Manufacturing companies in Ireland are taxed at the rate of 10%. This rate is guaranteed until the year 2010 and is expressly permitted by the EU. Financial service companies which are established in the International Financial Services Centre IFSC in Dublin also pay tax at the rate of 10% which is guaranteed until the year 2005 with the blessing of the EU.

Additional benefits such as no withholding tax on dividends paid and interest, exemption from municipal tax, no capital gain, no exchange control etc. are also enjoyed by these companies. Ireland is known for its IFSC and its fund management business largely because of its favourable Irish tax regime.


Holland is a low-tax holding company jurisdiction with a large number of double tax treaties and with an advantageous system of advanced binding tax rulings. Holland offers considerable tax concessions to companies owning shares on intellectual property rights and to financing companies.

Like Cyprus, Holland has double tax treaties with all the Eastern European countries. In some respects, these treaties are more beneficial than those of Cyprus and they offer more opportunities in international tax planning set-ups in Eastern Europe.

We know of many cases of non-residents who established a business base in Cyprus and who consequently moved to Holland transferring their business base thereto because of the more favourable concessions and treatment they were offered there.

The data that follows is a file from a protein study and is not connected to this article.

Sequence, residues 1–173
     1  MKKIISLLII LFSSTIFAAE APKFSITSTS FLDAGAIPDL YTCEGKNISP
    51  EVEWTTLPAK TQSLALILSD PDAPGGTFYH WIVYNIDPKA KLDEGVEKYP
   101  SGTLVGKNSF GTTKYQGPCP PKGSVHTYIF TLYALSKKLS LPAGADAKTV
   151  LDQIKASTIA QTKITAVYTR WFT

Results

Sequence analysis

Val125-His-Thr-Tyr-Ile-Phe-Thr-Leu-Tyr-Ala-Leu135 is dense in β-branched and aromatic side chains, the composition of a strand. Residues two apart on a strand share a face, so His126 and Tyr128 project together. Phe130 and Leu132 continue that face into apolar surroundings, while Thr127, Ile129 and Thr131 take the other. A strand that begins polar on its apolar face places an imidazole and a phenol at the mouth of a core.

Luxembourg is one of the oldest members of the EU and has double tax treaties with more than 25 countries.

The well known tax free "1929 Luxembourg Holding Company", as well as the undertakings for Collective Investment in Transferable Securities "UCITS", are excluded from the benefits of the treaties. The Societe de Participation Financiere "SOPARFI" which was introduced in 1990, is considered to be a tax-privileged company which is not excluded from enjoying the benefits of Luxembourg's treaties.


Madeira is a small island in the Atlantic and an autonomous region of Portugal.

Non-residents may establish tax free offshore companies there with the guarantee of Portugal and the acceptance of the EU until the year 2011.

Portugal has a network of double tax treaties (which apply to Madeira as well) with more than 14 countries. However, recently certain countries are either terminating their treaties with Portugal or unilaterally exclude Madeira's zero-tax companies from the benefits of their treaties.

The Channel Islands

Jersey and Guernsey are two small islands between France and the U.K. They are known as low tax international financial centres for the status of their "exempt company", the trust, the captive insurance company and the "limited liability partnership".

Special provisions were negotiated for the Channel Islands in terms of which their rights were unaffected by the accession of the U.K. in 1973. Although they are treated as forming one territory with the U.K. in some areas relating to fiscal harmonisation, the Channel Islands are considered to be third countries and are maintaining their status as offshore centres.

Other zero tax or low tax regimes in the EU.